A lobby group which represents some of the country's big irrigators met with Labour MPs at Parliament today to grill them over a proposed water tax.

IrrigationNZ said it had "unanswered questions" about how any royalty would be applied and who would be exempted.

Irrigated farms will bear the brunt of the policy if it is introduced. A 100-hectare farm which depends on irrigation could expect to pay around $8000 in additional tax a year.

IrrigationNZ chief executive Andrew Curtis said farmers accepted that they would have to contribute to cleaning up waterways, but they were unsure whether a water tax was the best mechanism.


Speaking to Labour's water spokesman David Parker, Curtis asked whether it was fair to exclude power companies from the proposed scheme.

Labour's royalty would not apply to hydro generators because they do not extract fresh water. But Curtis questioned their exemption.

"If they were truly non-consumptive, the water would flow straight through and out to sea. But it doesn't work like that.

"They tend to take water out of the system and hold it for later in the year.

"The reality is they exclude users. If you're upstream of a hydro dam, it's next to impossible to get a consent to take water to do anything else."

Curtis also said many of the worst-polluted waterways were in urban areas like Auckland, yet the royalty did not apply to town water supplies. And because the estimated $100m in revenue would be returned to the immediate community for waterway restoration, it meant low water users like Northland would get little help despite their water quality problems.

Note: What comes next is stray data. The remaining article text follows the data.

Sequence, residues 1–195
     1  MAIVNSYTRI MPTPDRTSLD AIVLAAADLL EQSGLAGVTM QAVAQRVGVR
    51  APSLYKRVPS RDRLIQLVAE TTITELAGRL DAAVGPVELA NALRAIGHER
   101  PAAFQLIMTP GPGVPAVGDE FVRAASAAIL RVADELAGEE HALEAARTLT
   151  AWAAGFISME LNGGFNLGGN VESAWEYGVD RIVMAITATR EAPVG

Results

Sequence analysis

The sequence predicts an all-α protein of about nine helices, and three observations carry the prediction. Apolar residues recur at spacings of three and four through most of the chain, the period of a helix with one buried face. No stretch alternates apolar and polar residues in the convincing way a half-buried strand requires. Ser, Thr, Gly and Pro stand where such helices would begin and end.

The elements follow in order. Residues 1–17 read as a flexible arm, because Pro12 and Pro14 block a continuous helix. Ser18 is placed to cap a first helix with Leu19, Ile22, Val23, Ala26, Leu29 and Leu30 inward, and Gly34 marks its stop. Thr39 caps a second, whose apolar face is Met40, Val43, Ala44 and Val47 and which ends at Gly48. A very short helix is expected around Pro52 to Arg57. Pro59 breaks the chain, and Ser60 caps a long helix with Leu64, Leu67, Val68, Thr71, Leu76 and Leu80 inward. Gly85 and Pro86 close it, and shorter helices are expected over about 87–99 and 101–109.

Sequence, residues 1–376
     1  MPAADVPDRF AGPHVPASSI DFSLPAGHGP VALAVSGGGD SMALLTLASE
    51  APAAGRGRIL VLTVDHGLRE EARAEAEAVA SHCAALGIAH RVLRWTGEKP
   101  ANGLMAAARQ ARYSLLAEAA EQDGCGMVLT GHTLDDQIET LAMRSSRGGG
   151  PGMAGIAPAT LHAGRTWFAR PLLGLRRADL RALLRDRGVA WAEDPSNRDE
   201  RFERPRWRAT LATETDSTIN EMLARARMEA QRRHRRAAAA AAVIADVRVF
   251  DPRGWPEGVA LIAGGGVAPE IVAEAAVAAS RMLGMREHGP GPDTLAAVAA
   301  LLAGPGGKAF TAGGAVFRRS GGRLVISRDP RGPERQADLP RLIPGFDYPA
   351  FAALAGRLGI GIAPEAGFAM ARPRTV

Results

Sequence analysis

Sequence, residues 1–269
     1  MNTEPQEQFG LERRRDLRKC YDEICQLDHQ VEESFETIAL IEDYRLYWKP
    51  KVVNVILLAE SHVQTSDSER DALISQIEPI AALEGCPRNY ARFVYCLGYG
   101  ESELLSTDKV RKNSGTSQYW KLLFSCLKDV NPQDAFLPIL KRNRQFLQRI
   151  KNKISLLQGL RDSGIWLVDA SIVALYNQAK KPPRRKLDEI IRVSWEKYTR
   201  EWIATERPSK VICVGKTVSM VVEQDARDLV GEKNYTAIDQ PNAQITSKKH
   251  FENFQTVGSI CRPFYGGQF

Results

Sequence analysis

Labour's primary industries spokesman Damien O'Connor said many of the details would be worked out in round-table meetings after the election.

"If they were to push for the details, then they might not end up being the fair details to all parties," he said. "They're just one of the interested players."


He agreed that there were "big issues" with water quality in urban areas, and said the cleanup would be covered by revenue from commercial water users based in those cities.

Irrigation NZ estimates that the average farm used 400,000 cubic metres of water a year. Labour has proposed a royalty of 2c per cubic metre for irrigators, meaning an irrigated farm would pay additional tax of around $8000 a year.

The costs would vary according to region, farm type and other factors.

National Institute of Water and Atmospheric Research (Niwa) hydrologist Daniel Collins said it took roughly 1000 litres to produce one litre of milk, but most of that water came from rainfall.

Around 160 litres of this total came from irrigation water, meaning that on average a one litre bottle of milk would increase in cost by 0.3c under Labour's plan.

Collins said that regional differences were important. In Waikato, the abundant rainfall meant very little supplemental irrigation was needed to produce milk.

In Canterbury, however, a dairy farm needed around 250 litres of irrigation water in additional to rainfall to produce 1 litre of milk.